Monday, August 16, 2010
When he wouldn't eat his food that morning, we knew something was really, really wrong. Within a couple of hours, he was lethargic and was having trouble walking. Off to an emergency vet appointment we went. When I got there, I was afraid maybe he had had a stroke. He just seemed so out of it. I ran inside and asked for help to get him out of the car. Three women came out of the clinic with a doggie stretcher and brought him right inside for an X-ray and exam.
The vet did not sugar coat the situation. I was told he had a large tumor in his spleen and that things did not look good. He was in shock and he was so full of blood that it was difficult to get a really clear look at the X-Ray. I called Coutry and asked him to come quickly. We had some major decisions to make and the clock was ticking. Needless to say, I was hysterical.
During the time that Country was on his way to the clinic, the vet managed to take two additional X-Rays and found some questionable "shadows" and dense areas around his heart. His slim chances just got significantly worse.
So, our options were to put him down right then and there or opt for emergency surgery. We were told the surgery would cost between 2 to 5K and that even if they were able to get the tumor out of the spleen, more than likely he had other tumors in there as well that would cause a problem sooner rather than later. And then there were the questionable shadows around the heart, which they wouldn't actually be able to see because they were not operating on that part of his body.
The vet asked us if we wanted to see him. Of course we did. So she led us into the back room where he was on an IV and pretty much so weak that he couldn't even stand or walk. He immediately saw us and started wagging his tail like crazy. Kisses, love nibbles, tail wags.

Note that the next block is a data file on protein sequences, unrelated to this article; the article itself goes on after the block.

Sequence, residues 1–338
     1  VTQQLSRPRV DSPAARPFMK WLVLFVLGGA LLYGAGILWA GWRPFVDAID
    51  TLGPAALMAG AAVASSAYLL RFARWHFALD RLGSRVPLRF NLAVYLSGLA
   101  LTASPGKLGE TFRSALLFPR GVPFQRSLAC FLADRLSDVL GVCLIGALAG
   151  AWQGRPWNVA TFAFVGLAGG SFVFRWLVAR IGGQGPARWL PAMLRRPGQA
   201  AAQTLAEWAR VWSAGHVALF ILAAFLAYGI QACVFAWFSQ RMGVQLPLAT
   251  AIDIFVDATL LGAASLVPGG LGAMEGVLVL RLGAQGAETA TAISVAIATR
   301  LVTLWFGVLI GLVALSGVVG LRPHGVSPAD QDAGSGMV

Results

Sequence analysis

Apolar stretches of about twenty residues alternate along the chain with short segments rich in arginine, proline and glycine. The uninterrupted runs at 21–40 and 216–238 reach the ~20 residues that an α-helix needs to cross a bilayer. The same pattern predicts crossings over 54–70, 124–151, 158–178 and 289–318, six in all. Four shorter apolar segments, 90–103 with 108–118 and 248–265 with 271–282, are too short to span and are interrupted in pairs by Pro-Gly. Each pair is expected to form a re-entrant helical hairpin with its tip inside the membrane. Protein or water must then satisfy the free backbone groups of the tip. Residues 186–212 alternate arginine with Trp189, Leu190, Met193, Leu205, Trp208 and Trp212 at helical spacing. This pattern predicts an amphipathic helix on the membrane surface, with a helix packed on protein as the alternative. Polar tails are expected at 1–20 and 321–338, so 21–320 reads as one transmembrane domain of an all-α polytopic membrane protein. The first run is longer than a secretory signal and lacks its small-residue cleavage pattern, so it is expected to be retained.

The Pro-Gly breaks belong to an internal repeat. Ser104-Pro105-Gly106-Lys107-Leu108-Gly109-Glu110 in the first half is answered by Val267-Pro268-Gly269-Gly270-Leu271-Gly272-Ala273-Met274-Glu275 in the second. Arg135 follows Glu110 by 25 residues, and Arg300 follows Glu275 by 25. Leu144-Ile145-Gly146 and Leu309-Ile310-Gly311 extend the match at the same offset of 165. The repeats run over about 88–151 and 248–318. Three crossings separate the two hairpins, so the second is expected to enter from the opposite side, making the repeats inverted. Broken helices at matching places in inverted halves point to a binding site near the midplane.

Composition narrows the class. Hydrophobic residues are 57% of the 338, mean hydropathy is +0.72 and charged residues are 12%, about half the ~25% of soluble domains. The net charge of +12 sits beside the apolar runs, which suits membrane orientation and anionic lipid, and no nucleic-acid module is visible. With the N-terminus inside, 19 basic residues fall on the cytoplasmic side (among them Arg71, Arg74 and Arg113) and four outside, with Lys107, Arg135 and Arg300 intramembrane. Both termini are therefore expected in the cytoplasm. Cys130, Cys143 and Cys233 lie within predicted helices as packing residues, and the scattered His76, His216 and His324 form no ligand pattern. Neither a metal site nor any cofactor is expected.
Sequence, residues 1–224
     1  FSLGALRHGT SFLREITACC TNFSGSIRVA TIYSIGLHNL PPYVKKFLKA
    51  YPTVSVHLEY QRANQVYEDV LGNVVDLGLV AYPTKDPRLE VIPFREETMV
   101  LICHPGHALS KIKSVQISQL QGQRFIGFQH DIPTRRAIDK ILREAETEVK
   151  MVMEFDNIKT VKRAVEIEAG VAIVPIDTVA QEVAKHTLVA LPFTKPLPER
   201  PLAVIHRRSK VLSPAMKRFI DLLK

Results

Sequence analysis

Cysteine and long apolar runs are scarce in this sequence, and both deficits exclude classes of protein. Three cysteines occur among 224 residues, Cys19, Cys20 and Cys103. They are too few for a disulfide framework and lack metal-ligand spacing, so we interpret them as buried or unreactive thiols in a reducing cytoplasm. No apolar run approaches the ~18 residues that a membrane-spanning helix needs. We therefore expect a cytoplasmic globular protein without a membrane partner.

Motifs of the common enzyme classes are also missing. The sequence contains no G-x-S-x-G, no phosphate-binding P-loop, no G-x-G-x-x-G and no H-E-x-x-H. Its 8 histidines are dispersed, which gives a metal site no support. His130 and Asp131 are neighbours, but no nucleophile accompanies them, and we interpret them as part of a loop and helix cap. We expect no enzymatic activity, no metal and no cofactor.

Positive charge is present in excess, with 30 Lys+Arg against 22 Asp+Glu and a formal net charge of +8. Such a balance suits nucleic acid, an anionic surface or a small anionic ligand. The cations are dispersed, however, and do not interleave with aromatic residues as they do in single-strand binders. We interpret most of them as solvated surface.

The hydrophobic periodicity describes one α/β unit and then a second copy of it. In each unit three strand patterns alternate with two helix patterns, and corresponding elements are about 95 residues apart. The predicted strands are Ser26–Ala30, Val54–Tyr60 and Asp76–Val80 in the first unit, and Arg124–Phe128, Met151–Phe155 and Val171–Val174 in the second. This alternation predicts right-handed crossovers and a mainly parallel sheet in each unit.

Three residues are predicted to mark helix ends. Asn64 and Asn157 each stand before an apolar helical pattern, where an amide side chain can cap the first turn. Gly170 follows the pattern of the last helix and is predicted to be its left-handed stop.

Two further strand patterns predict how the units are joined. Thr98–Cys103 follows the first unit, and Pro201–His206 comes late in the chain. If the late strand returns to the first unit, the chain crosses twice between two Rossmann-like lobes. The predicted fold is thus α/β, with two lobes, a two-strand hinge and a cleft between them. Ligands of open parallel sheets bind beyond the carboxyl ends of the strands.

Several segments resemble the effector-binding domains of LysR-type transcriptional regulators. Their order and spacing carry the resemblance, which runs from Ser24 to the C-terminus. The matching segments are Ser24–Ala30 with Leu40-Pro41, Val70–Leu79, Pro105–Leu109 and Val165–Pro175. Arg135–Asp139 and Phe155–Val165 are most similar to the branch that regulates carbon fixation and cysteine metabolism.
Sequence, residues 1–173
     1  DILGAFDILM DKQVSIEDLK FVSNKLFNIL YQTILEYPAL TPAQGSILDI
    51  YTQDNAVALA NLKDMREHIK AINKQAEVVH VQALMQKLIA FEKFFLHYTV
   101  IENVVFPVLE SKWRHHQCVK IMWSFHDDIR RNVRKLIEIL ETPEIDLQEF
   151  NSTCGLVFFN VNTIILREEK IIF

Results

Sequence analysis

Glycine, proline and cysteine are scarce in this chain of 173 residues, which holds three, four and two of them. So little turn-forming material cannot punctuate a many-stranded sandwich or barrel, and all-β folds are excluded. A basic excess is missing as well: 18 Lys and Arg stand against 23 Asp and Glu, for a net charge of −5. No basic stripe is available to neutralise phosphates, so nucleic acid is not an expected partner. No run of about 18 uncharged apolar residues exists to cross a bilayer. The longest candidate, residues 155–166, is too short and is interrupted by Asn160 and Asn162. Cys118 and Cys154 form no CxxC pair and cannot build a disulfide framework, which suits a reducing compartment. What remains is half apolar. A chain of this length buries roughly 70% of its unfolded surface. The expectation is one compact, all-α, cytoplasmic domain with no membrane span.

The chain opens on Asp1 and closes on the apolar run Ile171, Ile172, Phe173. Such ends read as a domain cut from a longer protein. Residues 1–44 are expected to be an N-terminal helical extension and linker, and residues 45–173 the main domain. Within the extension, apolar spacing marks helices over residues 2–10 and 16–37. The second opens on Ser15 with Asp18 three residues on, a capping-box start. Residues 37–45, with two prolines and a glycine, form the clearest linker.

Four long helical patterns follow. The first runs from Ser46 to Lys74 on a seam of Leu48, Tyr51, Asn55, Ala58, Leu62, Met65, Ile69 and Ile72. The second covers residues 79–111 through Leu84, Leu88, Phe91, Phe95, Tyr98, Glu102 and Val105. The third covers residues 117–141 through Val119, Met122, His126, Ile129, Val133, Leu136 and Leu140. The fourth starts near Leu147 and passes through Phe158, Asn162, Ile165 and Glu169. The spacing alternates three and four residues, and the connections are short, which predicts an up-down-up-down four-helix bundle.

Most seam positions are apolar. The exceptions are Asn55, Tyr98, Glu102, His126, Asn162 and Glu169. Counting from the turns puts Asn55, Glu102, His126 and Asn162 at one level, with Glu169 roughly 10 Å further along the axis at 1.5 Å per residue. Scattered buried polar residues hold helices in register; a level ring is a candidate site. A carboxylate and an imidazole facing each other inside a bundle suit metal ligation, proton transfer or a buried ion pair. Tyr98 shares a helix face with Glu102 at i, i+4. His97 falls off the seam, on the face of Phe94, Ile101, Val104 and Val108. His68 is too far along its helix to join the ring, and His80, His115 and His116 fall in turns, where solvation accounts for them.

That sealed the deal. Surgery it was going to be.
The rest of the afternoon is kind of a blur; the emotional roller coaster ride had left us exhausted, but around 2:30 the vet called and said he was in recovery and doing well. She called him "One Tough Cookie." Thankfully, they did not see anything else when they were in surgery and are hoping that perhaps the softball sized mass they removed was an isolated incident. I do not know what, if anything, will become of the questionable shadows around his heart, but we are hoping and praying that he has many more years to come.
After transporting him to another vet that has 24 hr care, we went home and prayed that he would pull through this critical time and heal quickly and fully.
Two days later, he is home with us and resting quietly. Of concern is a heart arrhythmia that is being treated by medicine. The vet said he seemed highly stressed at the animal hospital, so hopefully this condition will correct itself with the help of the medicine and lots of love at home.
"Dogs are not our whole life, but they make our lives whole." ~ Roger Caras